With $113 million dollar weekend ($125.1 million if you count its Thursday receipts), Man of Steel became the highest grossing June opening in history (outpacing 2010’s Toy Story 3‘s $110.3 million opening, a film which went on to make $415 million domestically), the second highest grossing opening of the year behind Iron Man 3, made almost $20 million dollars more on its opening weekend than 2006’s Superman Returns (and that’s after the latter has been adjusted for inflation) and has already earned over half of its production budget back. It’s safe to say that it would take something catastrophic for the film to not to be a hit. And with the good word of mouth that a Cinemascore of A- minus brings, it looks like a catastrophe of that sort is just not coming.
Man of Steel‘s success gives Warner Brothers another tentpole franchise to replace the Harry Potter and Batman franchises. It also gives Warners an excellent chance to parlay this film’s success into more films with DC Comics’ characters, creating more tentpoles and seriously giving Marvel a run for dominance in the comic book film genre.
That is, if they don’t screw it up.
Now, contrary to popular belief, we here at FilmBuffOnline don’t wish failure upon DC Comics, Warner Brothers or DC Comic book films. On the contrary, DC Comics has an almost 80-year stockpile of great characters that would make great films if they are done the right way. As a matter of fact, we are rooting for the success of DC Comic Book Films. So much so, we are going to help them out.
Here are ten things we believe Warner Brothers must do to spin off a healthy and lucrative line of superhero movies from Man of Steel. We could probably give you more than 10, but we’ll stick with ten for right now.
Alright, here we go:
1. If you are having a shared universe, it starts with Man of Steel 2.
I’ve seen many interviews prior to the release of Man of Steel where the powers that be behind the film crow about how their film doesn’t rule out the existence of other superheroes in Superman’s universe. Not ruling out does not a shared universe make. Neither does a “Blaze Comics” sign nor a satellite branded with Wayne Enterprises. We need something more substantial. And we need it now.
Since rumor has it that Warner Brothers is fast tracking Man of Steel 2 for a 2014 release, and stubbornly insisting that Justice League will be coming to cineplexes in 2015, that doesn’t leave a lot of time for world building. The sequel should act as a bridge that leads us to a combined Justice League. At the very least there should be a throw away line here or there along the lines “I heard there’s a speedster fighting crime in the Midwest” or “The coast guard reported seeing a man with orange chainmail riding a giant sea horse out in the Atlantic.” Give the fans something that will hook them into the shared universe idea.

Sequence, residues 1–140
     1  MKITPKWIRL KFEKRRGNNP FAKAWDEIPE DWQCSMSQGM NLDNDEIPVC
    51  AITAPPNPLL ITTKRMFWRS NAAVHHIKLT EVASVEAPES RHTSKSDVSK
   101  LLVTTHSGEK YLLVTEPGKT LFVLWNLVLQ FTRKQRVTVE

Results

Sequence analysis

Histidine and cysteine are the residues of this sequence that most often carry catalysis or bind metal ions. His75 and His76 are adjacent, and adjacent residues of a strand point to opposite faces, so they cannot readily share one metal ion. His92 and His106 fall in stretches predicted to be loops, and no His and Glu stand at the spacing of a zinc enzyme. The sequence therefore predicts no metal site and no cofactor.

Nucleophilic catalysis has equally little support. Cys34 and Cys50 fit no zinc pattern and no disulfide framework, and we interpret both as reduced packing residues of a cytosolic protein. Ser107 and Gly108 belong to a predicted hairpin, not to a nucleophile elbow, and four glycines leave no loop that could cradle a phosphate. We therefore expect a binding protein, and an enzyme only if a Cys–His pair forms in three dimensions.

2. And if you are having a shared universe, make it a true shared universe.
This is a case where Warners can get one up on Marvel or even the comics. In Iron Man 3, you had several supposed terrorist attacks on U.S. soil, and some more overseas. Where was S.H.I.E.L.D. ? The President of the United States was threatened and Captain America didn’t take interest in it? See what I’m getting at here?
If an event is big enough to effect the world that all the heroes live in, then all of the world’s heroes should take an interest in it. When making a solo film for a character, the adventure should be self-contained, or some reason given why the other heroes in the universe aren’t helping out in some way. Superman in this new franchise is so powerful that any foe he faces will have to be a world-beater. But if he is going to face a bad guy who can kill every living thing on Earth after other heroes are introduced, it just doesn’t make sense to not have those other heroes helping Supes out in some way or form. Don’t have audiences asking why Green Lantern isn’t bothering to help save the world.
3. Speaking of GREEN LANTERN, forget that film ever existed.
This builds on point number two. I love Ryan Reynolds as much as the next guy, and I think trash canning a film two years after it came out is irritating, but if you’re building a shared universe, that version of Green Lantern just won’t fit. If we are going in chronological order and Ryan’s GL shares the same Earth as Henry Cavill’s Superman, he probably would have taken an interest in Zod’s shenanigans, especially considering Green Lantern’s role as policeman of the universe.
And if for some reason Green Lantern takes place chronologically after Man of Steel, well, wouldn’t Superman want to check out why that cloud of yellow space dust was destroying Coast City?
No, if we are building a shared universe, it’s best that Man of Steel be the start of it. Keep on Ryan Reynolds as GL if he’s willing to do it, but pretend his first go round as the character never happened.
4. Realize that not every DC character is Superman.
I was at a mall On Saturday, one which had a movie theater attached to it. I saw about 20 people wearing Superman T-shirts (and one man with a Superman tattoo on his arm). I knew exactly where they were going.
Superman is an international icon. There are people who have never cracked open an issue of Action Comics who can tell you every little detail about the character. They love Superman and what he stands for. And they will be willing to forgive a whole lot of faults (which even I’ll admit Man of Steel has) if you capture enough of what they love about the character.
Aquaman? Not so much. I don’t think Aquaman could survive a movie that only got a 56% fresh rating at Rotten Tomatoes, which is what Man of Steel got. And if it got a 26% that Green Lantern got? It would be dead in the water (pun intended) and so would DC’s film universe.
For these lesser know heroes, you don’t have that much room to make mistakes. Bring in people you trust, people that know and love characters, and let them work. Pick the right people for the project, not just the hottest name or the cheapest alternative. Bring your A-game like Marvel has done with Iron Man or Thor and you’ll be just as successful.
5. Well, actually, Wonder Woman is close to Superman. Make a film featuring her. Now.
Wonder Woman, along with Aquaman, is rumored to be in line for a post-Justice League film offering. To this I say: good. Long overdue.
The Amazing Amazon ranks right up there with Superman and Batman as DC’s most recognized character. She is a feminist icon. She is a gay and lesbian icon. She is the character featured on most of the DC Comics merchandise marketed to little girls. She is a big thing.